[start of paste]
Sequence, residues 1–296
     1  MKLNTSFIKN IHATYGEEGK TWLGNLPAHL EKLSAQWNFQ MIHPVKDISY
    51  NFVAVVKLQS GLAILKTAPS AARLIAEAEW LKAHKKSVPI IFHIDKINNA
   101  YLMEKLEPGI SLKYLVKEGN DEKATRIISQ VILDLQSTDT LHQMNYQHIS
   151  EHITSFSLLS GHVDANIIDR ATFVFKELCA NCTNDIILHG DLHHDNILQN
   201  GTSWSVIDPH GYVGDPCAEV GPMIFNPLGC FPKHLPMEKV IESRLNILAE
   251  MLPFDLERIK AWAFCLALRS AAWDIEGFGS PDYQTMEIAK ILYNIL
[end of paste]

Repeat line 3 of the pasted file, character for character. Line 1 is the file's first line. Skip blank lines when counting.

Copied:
    51  NFVAVVKLQS GLAILKTAPS AARLIAEAEW LKAHKKSVPI IFHIDKINNA